Spaceways Inc. [2000-2004] was the first ensemble I composed for that directly addressed my interest in Funk and Reggae.  I was scratching at the surface of this exploration with the Vandermark 5, but eventually realized that there are reasons why these genres of music utilize the electric bass.  Nate McBride was one of the only musicians I knew who was a tremendous acoustic bassist that also had a real fascination for what its electric counterpart could do, so he was the clear choice for the Spaceways Inc., where he used both instruments.  Powerhouse Sound [2005-2010] took this type of exploration further, initially with an Oslo based group that incorporated two electric basses and electronics, then later with a Chicago based unit that featured the possibilities of electric guitar.  I say that Powerhouse Sound took things further because, in addition to the inspiration found in Funk and Reggae, the genesis of that ensemble's music was directly influenced by my growing fascination with the astonishing "electric period" of Miles Davis from the early to mid 1970s.

Made To Break was formed in the summer of 2011, and is an electro-acoustic, improvising ensemble that synthesizes the two parallel streams of creative activity described above.  Its music emphasizes my current preoccupation with spontaneous structures and rhythmic ideas inspired from outside the Jazz tradition (recent influences include an enthusiasm for the messy but precise music from post-punk England, particularly Wire and The Fall; along with the impact of music from Ethiopia, which I've encountered directly through an extremely fortunate association with the Ex).  Each composition is again modular.  The sequence of these components, which create the meta-structure of a piece, is determined before every performance.  But the use of the written elements, and the means of which to move from one composition to another, are completely open to the players, who work independently with the melodic, rhythmic, sonic, and formal ramifications intrinsic to the music.  Christof Kurzmann works as something of a "free agent" in the group, able to develop his own sets of activity that interface with the structure and parts organized by the rest of the ensemble.  Combined, these methods have made it possible to derive the content-based layers of complexity I sought with the Frame Quartet, without using its intricate set of visual cues.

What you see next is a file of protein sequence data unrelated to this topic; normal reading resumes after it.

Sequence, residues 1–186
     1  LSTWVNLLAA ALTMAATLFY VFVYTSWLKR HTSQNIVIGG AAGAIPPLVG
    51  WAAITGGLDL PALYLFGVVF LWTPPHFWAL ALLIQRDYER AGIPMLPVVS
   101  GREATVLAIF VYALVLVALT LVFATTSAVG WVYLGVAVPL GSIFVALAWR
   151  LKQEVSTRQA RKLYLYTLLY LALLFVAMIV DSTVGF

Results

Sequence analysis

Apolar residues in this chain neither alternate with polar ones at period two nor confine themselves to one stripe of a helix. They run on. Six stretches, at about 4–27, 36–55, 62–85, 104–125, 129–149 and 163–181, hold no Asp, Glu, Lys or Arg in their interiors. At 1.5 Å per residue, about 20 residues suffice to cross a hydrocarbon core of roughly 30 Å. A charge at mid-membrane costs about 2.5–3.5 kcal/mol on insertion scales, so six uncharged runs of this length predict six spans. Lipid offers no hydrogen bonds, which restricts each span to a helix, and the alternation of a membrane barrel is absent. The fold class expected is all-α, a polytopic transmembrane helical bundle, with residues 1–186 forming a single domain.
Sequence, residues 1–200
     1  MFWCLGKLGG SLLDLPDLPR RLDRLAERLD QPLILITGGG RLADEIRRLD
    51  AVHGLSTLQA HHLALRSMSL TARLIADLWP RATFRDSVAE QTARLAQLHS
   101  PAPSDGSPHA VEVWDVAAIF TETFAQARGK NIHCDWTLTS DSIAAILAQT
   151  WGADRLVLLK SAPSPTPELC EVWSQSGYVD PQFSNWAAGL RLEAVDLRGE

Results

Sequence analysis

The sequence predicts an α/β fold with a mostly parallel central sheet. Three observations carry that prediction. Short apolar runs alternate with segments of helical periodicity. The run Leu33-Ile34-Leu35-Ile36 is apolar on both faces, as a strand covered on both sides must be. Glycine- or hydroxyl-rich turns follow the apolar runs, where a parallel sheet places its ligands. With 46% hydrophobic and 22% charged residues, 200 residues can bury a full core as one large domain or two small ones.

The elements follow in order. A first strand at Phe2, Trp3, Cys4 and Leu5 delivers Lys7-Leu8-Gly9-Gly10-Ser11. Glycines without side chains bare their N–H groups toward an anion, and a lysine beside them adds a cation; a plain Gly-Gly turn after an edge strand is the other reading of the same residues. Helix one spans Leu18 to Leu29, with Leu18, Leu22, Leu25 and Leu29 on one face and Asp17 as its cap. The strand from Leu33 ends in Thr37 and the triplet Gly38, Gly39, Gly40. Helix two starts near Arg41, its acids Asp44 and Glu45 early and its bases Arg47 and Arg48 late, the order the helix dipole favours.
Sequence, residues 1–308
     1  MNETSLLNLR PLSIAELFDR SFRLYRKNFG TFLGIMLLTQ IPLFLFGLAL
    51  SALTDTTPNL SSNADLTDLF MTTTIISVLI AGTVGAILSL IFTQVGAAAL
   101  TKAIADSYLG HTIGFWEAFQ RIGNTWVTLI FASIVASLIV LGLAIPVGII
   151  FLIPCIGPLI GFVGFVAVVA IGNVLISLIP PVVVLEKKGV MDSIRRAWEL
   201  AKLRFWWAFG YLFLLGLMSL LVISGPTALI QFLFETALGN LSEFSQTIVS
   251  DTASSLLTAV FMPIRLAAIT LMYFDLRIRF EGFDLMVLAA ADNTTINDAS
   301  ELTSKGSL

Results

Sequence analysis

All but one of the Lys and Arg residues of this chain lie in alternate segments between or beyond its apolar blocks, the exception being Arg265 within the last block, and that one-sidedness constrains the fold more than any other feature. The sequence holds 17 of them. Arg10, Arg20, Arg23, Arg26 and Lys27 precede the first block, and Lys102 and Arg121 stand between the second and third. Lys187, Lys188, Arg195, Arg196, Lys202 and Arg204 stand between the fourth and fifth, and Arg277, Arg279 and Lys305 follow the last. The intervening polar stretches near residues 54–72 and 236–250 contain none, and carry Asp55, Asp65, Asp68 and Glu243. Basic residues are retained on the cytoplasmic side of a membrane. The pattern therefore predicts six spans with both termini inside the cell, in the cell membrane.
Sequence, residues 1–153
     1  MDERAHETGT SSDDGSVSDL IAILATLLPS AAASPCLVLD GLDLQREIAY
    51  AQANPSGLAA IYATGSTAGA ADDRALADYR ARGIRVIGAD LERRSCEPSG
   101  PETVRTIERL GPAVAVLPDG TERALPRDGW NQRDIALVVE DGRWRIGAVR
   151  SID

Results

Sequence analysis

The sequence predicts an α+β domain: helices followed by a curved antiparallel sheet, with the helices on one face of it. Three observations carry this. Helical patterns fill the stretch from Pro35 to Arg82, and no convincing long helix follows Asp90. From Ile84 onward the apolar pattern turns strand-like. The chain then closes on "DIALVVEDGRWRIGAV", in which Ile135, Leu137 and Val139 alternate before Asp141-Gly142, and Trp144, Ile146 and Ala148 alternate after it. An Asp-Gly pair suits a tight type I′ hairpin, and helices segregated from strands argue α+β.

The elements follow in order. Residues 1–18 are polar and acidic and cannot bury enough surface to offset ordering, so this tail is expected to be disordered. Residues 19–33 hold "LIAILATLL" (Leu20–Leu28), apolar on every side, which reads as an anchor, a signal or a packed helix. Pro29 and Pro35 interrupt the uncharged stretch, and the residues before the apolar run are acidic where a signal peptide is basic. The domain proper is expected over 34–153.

The material written for Made To Break is a further expansion of creative procedures developed to address the paradox of composing for improvisers: how to leave musicians free to invent spontaneously and as individuals, while simultaneously putting them into specific musical territory which they might not discover organically, and which they can reinterpret from a new standpoint time and time again.  The present solution to this challenge was generated over many years of work by a variety of bands.  It is expressed with a platform that demands complete inventiveness from each player on both the macro level (structure) and the micro level (sound and rhythm).  The compositions make it possible for one musician to immediately recognize what another is doing, while giving the option to work with this or against it, using written components or by improvising.  In addition, because the formation of each piece is unrehearsed, it's impossible for a performer to anticipate another player's choices by becoming overly familiar with the arrangements or memorizing the sequence of events- the material is organized to demand listening and improvising on as many concurrent levels as possible.  The music of Made To Break is a form of problem solving in real time, expressed with sound.